It’s the first time Washington has saddled Islamabad with this status; previously, Pakistan had been on a less serious watch list.
At first glance, the State Department’s decision to blacklist Pakistan comes across as a tone-deaf move.
Washington downgraded Pakistan’s religious freedom ranking at the very moment when Islamabad has taken several unprecedented steps that suggest a desire to help ease the plight of religious minorities.
Indeed, Pompeo’s announcement came just weeks after Pakistan’s Supreme Court acquitted Asia Bibi, a Christian woman on death row for blasphemy charges.
And it came just days after officials announced terrorism and sedition charges for Khadim Rizvi, a religious hardliner who leads a group that rails against religious minorities and calls for the execution of blasphemers.
So why designate Pakistan this year, and not last year or at any other previous time?
The answer is likely rooted in both US foreign policy goals and domestic political considerations in America.
On one level, this was likely a calculated move attributable to pressure tactics. The Trump White House is increasingly intent on identifying new measures to compel Islamabad to take action against the Afghanistan-focused terrorist leaders it accuses Pakistan of harbouring.
These measures, in Washington’s view, must be punitive but not overly provocative — in order to preclude the possibility of a piqued Pakistan shutting down those ever-critical supply routes serving US forces in Afghanistan.
In that regard, blacklisting Pakistan for religious freedom violations fits the bill. It’s a reputational blow for Islamabad; it joins an unsavoury club that includes Somalia and North Korea.
But otherwise, it’s not a very draconian move. In fact, State Department officials, citing US national interests, have announced they won’t slap sanctions on Pakistan, even though being blacklisted can invite such penalties.
In reality, it’s folly to think this move can work as a pressure tactic.
If Washington thinks shaming Pakistan for religious freedom violations will compel it to magically engineer a dramatic shift in its longstanding policies towards non-state militant actors, then it’s sorely mistaken.
The timing is poor, too.
At a moment when the White House has never been more eager to get Pakistan’s help in bringing reconcilable Taliban representatives to the negotiating table, penalising Pakistan will make the trust necessary for such cooperation even tougher to secure.
But there’s likely a more parochial factor at play too.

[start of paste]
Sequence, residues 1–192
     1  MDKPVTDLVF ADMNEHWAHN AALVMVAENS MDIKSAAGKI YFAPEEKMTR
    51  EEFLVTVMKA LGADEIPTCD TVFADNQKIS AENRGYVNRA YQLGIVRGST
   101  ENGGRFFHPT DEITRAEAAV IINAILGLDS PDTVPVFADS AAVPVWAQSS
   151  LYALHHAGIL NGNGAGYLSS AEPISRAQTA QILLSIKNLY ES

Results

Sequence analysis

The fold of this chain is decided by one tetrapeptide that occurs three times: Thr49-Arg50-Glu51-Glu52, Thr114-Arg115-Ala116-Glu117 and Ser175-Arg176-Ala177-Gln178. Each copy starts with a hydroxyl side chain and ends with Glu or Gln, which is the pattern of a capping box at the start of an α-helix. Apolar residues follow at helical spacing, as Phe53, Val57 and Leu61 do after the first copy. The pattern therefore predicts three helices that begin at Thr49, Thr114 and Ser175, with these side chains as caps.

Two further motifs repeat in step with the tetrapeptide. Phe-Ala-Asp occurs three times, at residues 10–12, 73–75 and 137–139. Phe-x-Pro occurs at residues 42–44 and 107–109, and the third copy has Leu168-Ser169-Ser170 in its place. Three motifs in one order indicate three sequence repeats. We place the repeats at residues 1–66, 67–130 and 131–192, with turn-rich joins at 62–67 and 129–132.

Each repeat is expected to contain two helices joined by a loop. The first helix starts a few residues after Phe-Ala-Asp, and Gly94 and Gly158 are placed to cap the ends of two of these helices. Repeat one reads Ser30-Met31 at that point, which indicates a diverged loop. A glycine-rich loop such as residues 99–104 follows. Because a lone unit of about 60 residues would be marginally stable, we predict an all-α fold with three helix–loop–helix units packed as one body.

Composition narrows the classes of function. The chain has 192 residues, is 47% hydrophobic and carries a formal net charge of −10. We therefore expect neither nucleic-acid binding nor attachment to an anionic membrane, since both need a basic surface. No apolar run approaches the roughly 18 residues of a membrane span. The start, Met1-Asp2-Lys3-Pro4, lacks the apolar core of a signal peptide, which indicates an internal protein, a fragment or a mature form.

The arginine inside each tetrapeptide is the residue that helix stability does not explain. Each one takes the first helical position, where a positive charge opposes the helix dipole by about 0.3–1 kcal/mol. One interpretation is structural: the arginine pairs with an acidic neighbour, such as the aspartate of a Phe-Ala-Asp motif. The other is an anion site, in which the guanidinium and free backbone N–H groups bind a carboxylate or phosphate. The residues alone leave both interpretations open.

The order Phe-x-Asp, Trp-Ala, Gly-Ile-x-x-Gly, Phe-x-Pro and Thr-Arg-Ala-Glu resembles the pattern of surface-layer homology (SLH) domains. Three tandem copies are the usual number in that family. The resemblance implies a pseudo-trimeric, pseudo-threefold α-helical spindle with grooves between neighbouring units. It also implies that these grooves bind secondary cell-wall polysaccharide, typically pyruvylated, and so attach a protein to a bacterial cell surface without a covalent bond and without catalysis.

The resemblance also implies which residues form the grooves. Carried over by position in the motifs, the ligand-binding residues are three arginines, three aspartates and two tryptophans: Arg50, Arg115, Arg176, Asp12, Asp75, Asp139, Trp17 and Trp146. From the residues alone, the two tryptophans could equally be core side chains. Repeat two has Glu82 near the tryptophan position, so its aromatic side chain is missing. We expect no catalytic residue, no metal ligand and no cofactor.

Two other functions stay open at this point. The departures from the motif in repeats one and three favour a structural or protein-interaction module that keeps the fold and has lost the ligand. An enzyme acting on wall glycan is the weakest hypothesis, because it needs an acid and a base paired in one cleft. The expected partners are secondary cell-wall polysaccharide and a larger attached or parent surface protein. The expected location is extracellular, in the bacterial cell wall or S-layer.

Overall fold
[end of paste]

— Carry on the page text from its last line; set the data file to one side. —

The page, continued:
Consider that two key senior US officials involved in the move to blacklist Pakistan — Pompeo and Sam Brownback, the US ambassador-at-large for international religious freedom — hail from the evangelical, Christian conservative wing of the Republican Party.
In that sense, both have reason to be particularly concerned about the troubles of Christians in Pakistan.
While the two officials will have been encouraged by the Supreme Court’s acquittal of Asia Bibi, the fact that she still remains in Pakistan, with her life in danger, is likely of deep concern to them.
In a conference call with reporters about the move to blacklist Pakistan, Brownback said, “we continue to watch very carefully what is happening with Asia Bibi.”
He also disclosed that the decision to blacklist Pakistan was due in great part to the country’s blasphemy laws. Christians are one of the main communities victimised by the misuse of these laws.
Accordingly, we can read Washington’s move in part as a genuine effort to hold the country more accountable for its very real and very serious religious freedom violations — and particularly those that affect Christians, a very personal matter for several key US policymakers.
All this said, regardless of Washington’s motivations, the hypocrisy is crystal clear.
The Trump administration implements policies that explicitly discriminate against Muslims (witness the travel ban), and it often fails to unequivocally condemn acts of violence against Hindus, Muslims and Jews in America.
And yet this same administration continues to arrogate to itself the right to penalise other countries for the same offenses.
Superpowerdom may confer certain privileges, but free passes shouldn’t be one of them. The United States warrants harsh criticism about the state of religious freedom on its own soil — and that criticism should start at home.
Indeed, when you call out countries abroad for the same problems that you confront in your own backyard, some self-criticism can go a long way — and ultimately help bring more credibility to your cause.